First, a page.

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The winners and losers of our failure to recycle our online shopping boxes

·3-min read
Parcel deliveries have shot up, but at what cost to the environment? (Getty Images)
Parcel deliveries have shot up, but at what cost to the environment? (Getty Images)

It’s one of those lockdown cliches: how many cardboard boxes are get delivered to your house these days?

Thanks to the online home shopping explosion triggered by Covid, parcels from Amazon, Tesco and no end of other retailers have surged, with Royal Mail alone having delivered nearly 500 million in the last three months of 2020 - up a third on pre-pandemic levels.

For the biggest maker of cardboard boxes, that’s a blessing and a curse.

While volumes at DS Smith are rising strongly and boosting its turnover, the cost of the recycled paper and card it uses to make new boxes in its mill south of London is going through the roof.

That, alongside increased energy and other costs, is driving up overheads at DS Smith, contributing to a fall in its share price following financial results earlier this month..

The problem, says chief executive Miles Roberts, is that people are getting more boxes coming into their homes than ever before but aren’t recycling it properly.

“It’s ending up in people’s garages rather than the recycling bin,” he tells the Evening Standard.

“The other day I saw a neighbour of mine burning a garage load of his on a bonfire. I said: ‘What are you doing? We need that!’”

He says despite the surge in home shopping, last year’s recoveries of old boxes for recycling were the same as the previous year. “We need to work on local authorities to work on recycling, getting people to segregate their waste better, having more collections.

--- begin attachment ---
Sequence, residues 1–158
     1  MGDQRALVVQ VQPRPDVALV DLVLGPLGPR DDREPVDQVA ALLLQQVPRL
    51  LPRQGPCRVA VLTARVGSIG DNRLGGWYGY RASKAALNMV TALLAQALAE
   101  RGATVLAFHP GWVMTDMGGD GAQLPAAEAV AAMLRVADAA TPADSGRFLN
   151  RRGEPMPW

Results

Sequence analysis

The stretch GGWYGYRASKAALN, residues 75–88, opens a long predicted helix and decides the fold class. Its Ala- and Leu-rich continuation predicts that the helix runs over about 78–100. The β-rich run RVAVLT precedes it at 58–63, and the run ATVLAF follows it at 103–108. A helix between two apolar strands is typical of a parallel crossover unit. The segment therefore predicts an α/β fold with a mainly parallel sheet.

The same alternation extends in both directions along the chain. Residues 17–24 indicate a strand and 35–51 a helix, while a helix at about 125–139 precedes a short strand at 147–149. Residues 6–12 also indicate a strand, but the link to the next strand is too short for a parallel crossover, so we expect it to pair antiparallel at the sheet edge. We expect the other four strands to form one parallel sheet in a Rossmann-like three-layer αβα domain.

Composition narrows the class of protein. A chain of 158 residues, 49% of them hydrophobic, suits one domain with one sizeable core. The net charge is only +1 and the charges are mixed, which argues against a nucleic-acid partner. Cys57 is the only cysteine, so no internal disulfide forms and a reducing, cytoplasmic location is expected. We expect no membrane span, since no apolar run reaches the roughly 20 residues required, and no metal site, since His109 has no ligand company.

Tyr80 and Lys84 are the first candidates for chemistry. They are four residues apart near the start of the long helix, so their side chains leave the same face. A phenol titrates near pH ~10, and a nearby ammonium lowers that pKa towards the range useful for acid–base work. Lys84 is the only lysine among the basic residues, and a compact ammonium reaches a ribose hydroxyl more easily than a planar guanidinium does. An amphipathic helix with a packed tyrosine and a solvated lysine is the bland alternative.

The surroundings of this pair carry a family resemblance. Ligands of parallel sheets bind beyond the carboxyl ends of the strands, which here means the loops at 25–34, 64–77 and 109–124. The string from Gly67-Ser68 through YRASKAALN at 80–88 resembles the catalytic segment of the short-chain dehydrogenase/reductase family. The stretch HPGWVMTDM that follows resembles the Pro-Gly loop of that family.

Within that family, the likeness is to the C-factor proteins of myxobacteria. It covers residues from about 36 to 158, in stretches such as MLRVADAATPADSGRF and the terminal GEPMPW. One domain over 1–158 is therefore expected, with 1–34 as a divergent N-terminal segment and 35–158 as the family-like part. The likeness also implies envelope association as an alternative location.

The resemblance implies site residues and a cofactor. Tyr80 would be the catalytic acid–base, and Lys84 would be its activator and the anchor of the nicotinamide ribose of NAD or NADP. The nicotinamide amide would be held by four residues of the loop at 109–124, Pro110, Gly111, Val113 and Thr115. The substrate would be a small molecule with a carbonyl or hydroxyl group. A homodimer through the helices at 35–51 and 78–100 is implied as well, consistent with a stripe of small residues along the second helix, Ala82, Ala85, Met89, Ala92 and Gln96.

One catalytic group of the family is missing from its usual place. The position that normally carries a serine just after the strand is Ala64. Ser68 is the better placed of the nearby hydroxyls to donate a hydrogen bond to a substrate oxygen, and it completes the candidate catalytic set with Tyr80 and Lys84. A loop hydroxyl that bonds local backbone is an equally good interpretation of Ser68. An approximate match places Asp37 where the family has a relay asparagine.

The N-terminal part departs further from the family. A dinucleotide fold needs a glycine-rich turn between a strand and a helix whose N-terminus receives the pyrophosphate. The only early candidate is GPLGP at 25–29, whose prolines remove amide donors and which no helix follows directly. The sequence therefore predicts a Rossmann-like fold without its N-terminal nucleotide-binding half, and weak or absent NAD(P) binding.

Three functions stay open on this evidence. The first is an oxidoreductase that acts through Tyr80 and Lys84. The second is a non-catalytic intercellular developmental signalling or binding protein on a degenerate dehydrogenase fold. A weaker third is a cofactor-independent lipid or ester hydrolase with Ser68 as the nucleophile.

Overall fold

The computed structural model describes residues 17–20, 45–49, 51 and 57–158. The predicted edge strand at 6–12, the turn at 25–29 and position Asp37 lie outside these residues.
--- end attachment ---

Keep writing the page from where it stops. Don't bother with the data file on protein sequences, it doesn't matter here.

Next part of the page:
“We have to remove hundreds of millions of boxes from people’s homes and garages and get them into the recycling system.”

The UK, he says, wastes 22% of its cardboard, contaminating it unnecessarily with food and other rubbish or sending it off to landfill or burning it.

That is a huge wasted opportunity for a product that is one of the neatest, most circular solutions to the landfill crisis in the West - turning old packaging into new.

It also means he is having to put up the price of his new boxes. Higher energy, transport and labour costs haven’t helped, but it is the rising cost of old corrugated cases - OCCs in the jargon - that is really hurting. And that will feed through into the prices we consumers pay for our home delivery goods.

There is another side to the rising prices for OCCs, however.

While DS Smith complains, the recycling firms which process the stuff and sell it to the big manufacturers are delighted.

Simon Ellin, chief executive of The Recycling Assocation, says: “Before Covid, prices were so low we were on our knees. The market was oversupplied and we were getting as little as £20 a tonne. When you consider we’re collecting, baling, shipping the stuff, that’s nothing.

“Now, though, it’s six or seven times that.”

Perhaps naturally, given that his members want prices to stay high, he seems less concerned than Roberts about the amount of recycling that’s been happening during Covid.

“Initially, the councils stopped doing collections but we got on to Defra and, to be fair, the councils started collecting again and we have kept supplies going.”

It seems inevitable, though, that demand for cardboard will rise as more of us shop online and become increasingly aware of the environmental costs.

Roberts sees it first hand from his retail clients: “The public are increasingly keen on cardboard replacing plastic packaging and are demanding it from the shops they use,” he says.

“In the past six or eight months, it’s really changed. I guess it’s because they’ve just seen so much packaging arriving in their homes that it’s really brought it home to them.”

Sound familiar?

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